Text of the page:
Several such denominations are part of Utah’s Standing Together organization, started by former Mormon and now Baptist minister Gregory Johnson.
“I’m an evangelical unity guy,” says Johnson, whose participating churches range from Baptist, Presbyterian, Lutheran and Pentecostal congregations to nondenominational Protestant churches.
Johnson believes most evangelical churches are “a thriving expression of Protestant Christianity” and legitimate players in a Reformation tradition that “was not only necessary but resulted in a greater good, notwithstanding its many failures and pain.”
Where, then, is today’s Christian unity?
What would Luther think?
To Johnson, it is found in sharing the good news of “God’s grace through Jesus Christ,” and living it through works of compassion, social justice and theological dialogue.
If Luther could visit the 21st century and see what he set in motion, what would he think?
Thomas Kaufmann, a professor of church history at the University of Göttingen, about 160 miles west of Luther’s stomping grounds, is optimistic.
“Luther would be happy that the church bearing his name has preserved many elements of his liturgy, still sings his psalms ... and still uses his translation of the Bible,” Kaufmann says.
When it comes to the wider “understanding of Christ,” the professor adds, Luther “might see that there are Catholic Christians as well as Lutherans and people from other denominations who ask, ‘What does the person of Christ mean to us today.’”
Klemz takes that idea further. “Martin Luther today? I believe he’d say, ’You’re lazy in attending to grace and scripture and faith, and especially what it means to be a Lutheran in your community.”
Says Webber: “I chuckle when I see this question; people ask it all the time. I think Luther would recognize some of the churches that today bear his name [but] he wouldn’t be especially fond of churches that have denied the authority of the scriptures.”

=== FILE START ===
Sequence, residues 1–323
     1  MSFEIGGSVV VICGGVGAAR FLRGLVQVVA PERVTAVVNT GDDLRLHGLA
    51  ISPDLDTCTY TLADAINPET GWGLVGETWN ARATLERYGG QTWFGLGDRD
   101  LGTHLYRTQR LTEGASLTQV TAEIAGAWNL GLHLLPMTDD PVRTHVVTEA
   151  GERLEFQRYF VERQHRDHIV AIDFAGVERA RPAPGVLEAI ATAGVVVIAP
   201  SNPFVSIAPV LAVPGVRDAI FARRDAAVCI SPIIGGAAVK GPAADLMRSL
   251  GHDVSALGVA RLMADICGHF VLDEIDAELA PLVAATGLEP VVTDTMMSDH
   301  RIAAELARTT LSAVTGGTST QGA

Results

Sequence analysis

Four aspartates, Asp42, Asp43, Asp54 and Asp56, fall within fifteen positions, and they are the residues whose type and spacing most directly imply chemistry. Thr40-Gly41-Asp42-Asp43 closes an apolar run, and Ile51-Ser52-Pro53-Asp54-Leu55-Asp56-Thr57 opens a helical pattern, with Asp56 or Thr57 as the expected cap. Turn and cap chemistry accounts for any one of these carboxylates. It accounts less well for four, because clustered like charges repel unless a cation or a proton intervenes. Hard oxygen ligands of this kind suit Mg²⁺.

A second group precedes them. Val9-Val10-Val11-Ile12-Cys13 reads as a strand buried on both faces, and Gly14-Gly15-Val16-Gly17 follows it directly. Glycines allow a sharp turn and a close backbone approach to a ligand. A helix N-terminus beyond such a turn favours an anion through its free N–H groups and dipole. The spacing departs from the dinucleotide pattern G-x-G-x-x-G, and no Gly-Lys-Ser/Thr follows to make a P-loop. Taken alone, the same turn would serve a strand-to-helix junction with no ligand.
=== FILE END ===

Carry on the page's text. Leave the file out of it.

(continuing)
Masinelli, meanwhile, does not believe a time-traveling Luther — having witnessed the beginnings of Christian divisions — would be “surprised by the fractured state of the visible church today.”
“He would share the hope that this anniversary celebration would draw attention to the pure gospel of Jesus Christ,” Masinelli says, “to justification by faith alone, and to the freedom to do good works because of salvation and new life in Christ.”
To that, Johnson says “amen,” with an addendum.
“[Luther] would rebuke a lot of modern evangelicalism as far too irreverent and unstructured, and, as for mainline Protestantism, I think he would denounce liberal theological heresy and moral relativism,” the Standing Together founder explains. “On the other hand, I believe he would talk with individual Christians, would hear their testimonies, experience their worship, see their faithful living, and declare that it was worth it all, 500 years later.”
Finally, one might just skip the speculation and check Luther’s own comments. After all, past is often prologue, and the Wittenberg monk might just settle for saying this again:
“We are not yet what we shall be, but we are growing toward it; the process is not finished, but it is going on; this not the end, but it is the road.”